Public Charge Litigation
Update: August 12, 2020
Today, the Second Circuit Court of Appeals partially stayed the nationwide temporary injunction issued by a district court in New York last month against the Department of Homeland Security’s discriminatory public charge rule. That decision had halted the rule for the duration of the national public health emergency declared by the Trump Administration. This new decision means the rule is now back in effect nationwide, except in the states of New York, Connecticut, and Vermont.
The public charge rule puts in place a new test for people who are applying for visas or green cards. It looks at people’s health, including whether they have a disability, and whether they have used or might one day use public benefits, including Medicaid-funded home and community-based services on which many people with disabilities rely. Several courts have already found that the rule illegally discriminates against people with disabilities.
CPR and other disability organizations have filed several amicus briefs in the litigation, detailing the discrimination disabled immigrants may face as a result of the rule. The amicus briefs and the latest on the litigation efforts can be found below. Additional background information on the rule, resources, and media can be found here. We will continue to monitor the litigation and remain committed to our fight to stop this harmful rule.
Lawsuits Challenging the Final Public Charge Rule
The Department of Homeland Security’s (DHS) public charge rule, which will go into effect on February 24, 2020, will be devastating for immigrants with disabilities, and means individuals could be denied admission or have their application for lawful permanent residency denied because they used (or even might use in the future) a wide range of government programs, including Medicaid, housing assistance, or food assistance.
The rule was scheduled to go into effect on October 15, 2019, but twenty one states, led by California, Washington, and New York, filed cases against the Trump Administration to block the new rule and were initially successful in delaying implementation of the rule. However, the Supreme Court, in a pair of 5-4 decisions (which you can read here and here), decided to allow the rule to go into effect while the lawsuits make their way through the courts, and the Administration then announced the rule would go into effect on February 24, 2020. For more on the rule’s implementation, you can read our alert here. In April, the Court decided not to modify or lift its stay in light of the COVID-19 pandemic, but did state that lower courts could consider the issue.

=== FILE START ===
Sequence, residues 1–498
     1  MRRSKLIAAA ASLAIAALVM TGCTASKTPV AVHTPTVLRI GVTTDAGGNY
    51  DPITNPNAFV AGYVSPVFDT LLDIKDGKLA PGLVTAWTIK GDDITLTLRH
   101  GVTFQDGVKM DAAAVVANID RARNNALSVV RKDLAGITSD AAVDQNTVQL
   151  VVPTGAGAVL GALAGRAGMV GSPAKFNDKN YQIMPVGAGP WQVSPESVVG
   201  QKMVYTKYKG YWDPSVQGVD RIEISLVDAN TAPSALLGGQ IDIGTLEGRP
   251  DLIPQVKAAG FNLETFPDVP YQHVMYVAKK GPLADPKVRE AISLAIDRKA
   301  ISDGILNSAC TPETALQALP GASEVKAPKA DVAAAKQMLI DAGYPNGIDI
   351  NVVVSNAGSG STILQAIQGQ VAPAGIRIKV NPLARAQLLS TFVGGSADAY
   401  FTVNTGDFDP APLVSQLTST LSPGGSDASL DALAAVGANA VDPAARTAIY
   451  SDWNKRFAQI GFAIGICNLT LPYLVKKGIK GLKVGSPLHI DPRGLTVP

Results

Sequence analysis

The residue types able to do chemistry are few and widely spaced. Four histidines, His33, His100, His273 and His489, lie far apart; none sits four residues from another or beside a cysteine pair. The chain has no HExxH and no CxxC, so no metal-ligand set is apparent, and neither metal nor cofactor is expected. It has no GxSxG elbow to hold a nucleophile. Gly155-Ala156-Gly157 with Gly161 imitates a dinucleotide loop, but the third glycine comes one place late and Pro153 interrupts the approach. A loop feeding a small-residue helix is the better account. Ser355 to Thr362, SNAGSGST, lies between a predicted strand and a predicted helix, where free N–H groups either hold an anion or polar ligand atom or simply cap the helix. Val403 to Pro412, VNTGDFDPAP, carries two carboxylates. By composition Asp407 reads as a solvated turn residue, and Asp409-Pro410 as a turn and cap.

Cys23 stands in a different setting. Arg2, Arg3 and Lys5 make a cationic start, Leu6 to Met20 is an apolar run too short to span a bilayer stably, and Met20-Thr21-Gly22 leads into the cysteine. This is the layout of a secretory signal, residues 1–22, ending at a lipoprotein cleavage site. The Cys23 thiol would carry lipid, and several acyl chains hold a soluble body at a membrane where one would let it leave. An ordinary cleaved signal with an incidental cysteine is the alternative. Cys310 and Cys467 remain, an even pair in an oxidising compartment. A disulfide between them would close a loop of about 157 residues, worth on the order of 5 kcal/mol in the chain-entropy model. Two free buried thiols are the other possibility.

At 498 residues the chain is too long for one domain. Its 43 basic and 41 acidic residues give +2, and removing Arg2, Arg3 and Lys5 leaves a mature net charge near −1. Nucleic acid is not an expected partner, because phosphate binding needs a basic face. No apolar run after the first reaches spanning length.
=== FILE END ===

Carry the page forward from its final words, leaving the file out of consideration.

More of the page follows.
On March 16, 2020, the US Citizenship and Immigration Services (USCIS) announced that in response to the coronavirus pandemic it “will neither consider testing, treatment, nor preventative care (including vaccines, if a vaccine becomes available) related to COVID-19” in making public charge determinations, “even if such treatment is provided or paid for by one or more public benefits, as defined in the rule (e.g. federally funded Medicaid).” However, on July 29, 2020, a federal district court in New York found that announcement was insufficient to ensure the rule would not cause harm during the pandemic and issued a temporary injunction against the rule, preventing it from being implemented, applied, or enforced nationwide while the national public health emergency declared by the Trump Administration is ongoing.
The Center for Public Representation, American Civil Liberties Union, and sixteen other national disability advocacy groups represented by the global law firm Latham & Watkins filed amicus briefs in support of the litigation. The advocacy groups – representing tens of thousands of people with disabilities and their families across the country – claim that the new public charge rule will prevent people with disabilities from entering this country or becoming legal residents in violation of federal disability law.
Below are litigation highlights and links to filings in all of the lawsuits against the rule. To learn more about the rule, visit our main public charge page here and for more on how DHS’ public charge rule will affect people with disabilities, check out our fact sheet and explainer.
For more resources and information, please visit the Protecting Immigrant Families website.